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How EA Sports is Carving Out A New Brand After FIFA Split



It’s a new era for generations of soccer and gaming fans. Last year, publisher EA Sports split with FIFA, soccer’s global governing body, ending a three-decade licensing deal. The breakup means that one of the most popular and enduring gaming franchises can no longer call itself FIFA and has been renamed to EA Sports FC as of this year.  

For EA, this presents a significant marketing challenge—for while the title FIFA is ubiquitous, players may be less familiar with the publisher’s name. Now, EA has unveiled its new identity to fans and is attempting to cement its place in the fabric of soccer as it enters a crucial period for the brand.

“We felt an immense responsibility to effectively rebrand one of the biggest properties in sports entertainment—no mean feat,” David Jackson, vice-president of brand at EA Sports FC, told Adweek.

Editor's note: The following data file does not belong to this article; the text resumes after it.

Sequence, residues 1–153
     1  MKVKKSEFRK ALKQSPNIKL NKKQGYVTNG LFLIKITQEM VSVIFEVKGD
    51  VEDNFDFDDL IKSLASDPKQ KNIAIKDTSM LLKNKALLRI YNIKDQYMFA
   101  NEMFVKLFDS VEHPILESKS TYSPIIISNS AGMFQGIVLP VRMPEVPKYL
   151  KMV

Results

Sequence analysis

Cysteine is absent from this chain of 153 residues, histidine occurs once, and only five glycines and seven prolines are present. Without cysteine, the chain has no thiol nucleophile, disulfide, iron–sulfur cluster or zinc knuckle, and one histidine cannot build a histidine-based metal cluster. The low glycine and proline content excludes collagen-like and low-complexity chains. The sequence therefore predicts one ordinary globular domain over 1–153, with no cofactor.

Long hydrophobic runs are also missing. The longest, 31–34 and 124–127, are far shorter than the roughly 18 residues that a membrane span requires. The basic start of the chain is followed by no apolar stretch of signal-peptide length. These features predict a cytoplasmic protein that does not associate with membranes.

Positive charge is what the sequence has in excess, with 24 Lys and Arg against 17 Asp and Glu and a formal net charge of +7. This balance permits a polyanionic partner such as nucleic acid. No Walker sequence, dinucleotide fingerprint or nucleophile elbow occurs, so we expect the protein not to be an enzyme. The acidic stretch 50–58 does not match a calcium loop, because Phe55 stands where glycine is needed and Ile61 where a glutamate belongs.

EA Sports sums up its transition like this: it is evolving from “a video game product powered by global [soccer] to a global [soccer] platform powered by multiple video games,” according to Jackson. “This is one of the reasons we made the seismic decision to carve our own path and our own brand.”

EA still has more than 300 licensed partners, with access to over 19,000 athletes across 700 teams and 30 leagues. But with the name change, “consumer confusion is understandable–FIFA has been synonymous with the game for decades,” Jackson said. 

‘Hidden in plain sight’

The rebranding process began about 18 months ago when EA consulted sports media business Copa90. One of the truths they uncovered was that the game “is one of those generational properties, like the Marvels or Star Wars of the world. It sits in that rarefied space, where parents may play with their kids or siblings play with each other,” he said. 

EA then hired London-based agency Uncommon Creative Studio to develop its new brand identity and logo. Within the brief that EA issued to Uncommon, this line jumped out at the creative team: “[Soccer] comes in many colors but very few shapes.” 

EA Sports wants to cement its place in the fabric of soccer

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